From video camera to driverless shuttle vehicle

A new type of driverless shuttle vehicle has been developed thanks to innovative computer vision guidance technology that enables the vehicle to locate itself on a roadway reliably and inexpensively.

The technology, which is based on the use of simple video cameras, was developed by researchers at Institut Pascal (CNRS/Université Blaise Pascal de Clermont Ferrand/IFMA). It lies at the heart of the EZ-10 autonomous shuttle vehicle developed by Ligier Group, which was unveiled at the Michelin Challenge Bibendum in Chengdu (China).

Since the 2000s, a number of companies have sought to make cars autonomous using expensive and sometimes unreliable technologies. In 2003, researchers at Institut Pascal decided to work on automated driving of urban electric vehicles using simple video cameras. The technology they developed is based on two stages. The aim of the first stage is to identify all the significant points in the immediate environment of the path followed, in a video recorded during an initial journey in which the vehicle is driven manually. The second stage corresponds to the automatic mode during which the vehicle continuously monitors its path, ensuring that the images provided by the on-board cameras correspond as far as possible to the sequence initially filmed. The initial video thus plays the role of a virtual track that the vehicle must follow when it travels in autonomous mode.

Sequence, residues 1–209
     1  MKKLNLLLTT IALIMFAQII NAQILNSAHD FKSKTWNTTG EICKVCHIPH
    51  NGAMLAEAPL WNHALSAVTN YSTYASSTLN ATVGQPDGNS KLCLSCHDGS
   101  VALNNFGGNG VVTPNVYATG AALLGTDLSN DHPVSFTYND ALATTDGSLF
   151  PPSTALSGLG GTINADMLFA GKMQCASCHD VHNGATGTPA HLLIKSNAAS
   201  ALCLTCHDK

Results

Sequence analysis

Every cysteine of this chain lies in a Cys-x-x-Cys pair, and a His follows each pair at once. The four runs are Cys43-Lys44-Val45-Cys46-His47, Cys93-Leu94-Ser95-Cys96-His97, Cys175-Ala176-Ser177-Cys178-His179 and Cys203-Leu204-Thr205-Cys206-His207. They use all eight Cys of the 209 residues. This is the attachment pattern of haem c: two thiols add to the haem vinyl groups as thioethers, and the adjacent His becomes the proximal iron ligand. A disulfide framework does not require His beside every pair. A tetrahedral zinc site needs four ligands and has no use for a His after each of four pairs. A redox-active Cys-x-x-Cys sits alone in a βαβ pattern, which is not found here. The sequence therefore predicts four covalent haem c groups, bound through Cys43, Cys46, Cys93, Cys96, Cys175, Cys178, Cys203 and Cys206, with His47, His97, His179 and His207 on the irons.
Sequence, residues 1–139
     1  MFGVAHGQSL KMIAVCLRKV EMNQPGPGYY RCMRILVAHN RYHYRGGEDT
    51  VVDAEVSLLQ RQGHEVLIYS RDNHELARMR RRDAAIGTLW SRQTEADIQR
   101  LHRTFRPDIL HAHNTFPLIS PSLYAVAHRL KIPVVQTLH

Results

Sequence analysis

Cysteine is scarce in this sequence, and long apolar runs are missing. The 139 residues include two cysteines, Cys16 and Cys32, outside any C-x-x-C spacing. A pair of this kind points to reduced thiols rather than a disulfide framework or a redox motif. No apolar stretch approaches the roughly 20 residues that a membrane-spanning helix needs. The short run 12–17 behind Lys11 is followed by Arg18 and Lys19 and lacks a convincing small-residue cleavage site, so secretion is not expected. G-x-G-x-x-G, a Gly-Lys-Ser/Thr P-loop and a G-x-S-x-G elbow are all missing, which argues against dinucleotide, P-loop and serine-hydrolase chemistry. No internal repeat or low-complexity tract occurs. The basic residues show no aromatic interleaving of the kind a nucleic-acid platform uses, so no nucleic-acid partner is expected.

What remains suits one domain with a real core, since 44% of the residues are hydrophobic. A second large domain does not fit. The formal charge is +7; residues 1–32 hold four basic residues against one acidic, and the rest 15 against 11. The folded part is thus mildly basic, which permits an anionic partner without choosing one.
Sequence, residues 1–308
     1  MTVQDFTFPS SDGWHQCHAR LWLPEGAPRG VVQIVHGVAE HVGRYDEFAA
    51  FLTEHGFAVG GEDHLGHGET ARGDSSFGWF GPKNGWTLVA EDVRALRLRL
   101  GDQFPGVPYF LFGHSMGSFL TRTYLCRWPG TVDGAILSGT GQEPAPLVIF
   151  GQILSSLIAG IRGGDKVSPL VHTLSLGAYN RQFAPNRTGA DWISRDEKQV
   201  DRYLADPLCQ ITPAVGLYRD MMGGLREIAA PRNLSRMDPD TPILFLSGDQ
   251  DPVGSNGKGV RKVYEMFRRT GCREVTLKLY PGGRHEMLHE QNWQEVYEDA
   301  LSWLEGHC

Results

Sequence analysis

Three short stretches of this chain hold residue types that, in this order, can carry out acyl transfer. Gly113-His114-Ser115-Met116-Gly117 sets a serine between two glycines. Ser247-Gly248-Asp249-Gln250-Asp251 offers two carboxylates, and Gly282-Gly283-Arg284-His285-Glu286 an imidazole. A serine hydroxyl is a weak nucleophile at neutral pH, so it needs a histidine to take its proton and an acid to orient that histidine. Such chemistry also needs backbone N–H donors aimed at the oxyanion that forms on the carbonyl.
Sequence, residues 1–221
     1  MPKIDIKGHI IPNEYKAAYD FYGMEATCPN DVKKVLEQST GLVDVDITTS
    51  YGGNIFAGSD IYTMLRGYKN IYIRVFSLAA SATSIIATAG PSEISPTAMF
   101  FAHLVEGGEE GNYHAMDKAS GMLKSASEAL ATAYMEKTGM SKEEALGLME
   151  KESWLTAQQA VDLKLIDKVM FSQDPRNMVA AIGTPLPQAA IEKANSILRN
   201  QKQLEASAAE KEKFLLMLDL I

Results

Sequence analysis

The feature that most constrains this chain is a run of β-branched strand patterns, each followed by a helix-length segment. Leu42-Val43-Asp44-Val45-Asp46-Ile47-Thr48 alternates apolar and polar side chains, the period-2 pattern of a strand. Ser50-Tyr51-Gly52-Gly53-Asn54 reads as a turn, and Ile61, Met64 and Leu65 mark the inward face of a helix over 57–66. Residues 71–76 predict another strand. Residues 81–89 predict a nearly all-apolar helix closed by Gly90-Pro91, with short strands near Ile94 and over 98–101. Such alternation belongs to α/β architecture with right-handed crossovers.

Since 2006, the researchers at Institut Pascal, in collaboration with Ligier Group, have been developing automatic driverless shuttle vehicles that can transport up to 10 people along short routes (in the region of one kilometre), rather like a horizontal elevator. The vehicles, which are designed to be used at specific sites such as industrial sites, airports and amusement parks, are able to deal with obstacles thanks to laser rangefinders fitted on all four sides of the vehicle. The shuttle vehicle can detect the presence of an obstacle at a distance of 50 meters and in this way modify its speed or even stop, depending on the potential danger. The researchers now intend to turn their attention to running a fleet of five vehicles at the Michelin Europe Technology Centre at Ladoux. The aim is to deal with multiple and potentially simultaneous requests from call points or smartphones, in real time and on a large industrial site, rather like an automatic taxi service.

Story: Alpha Galileo.org

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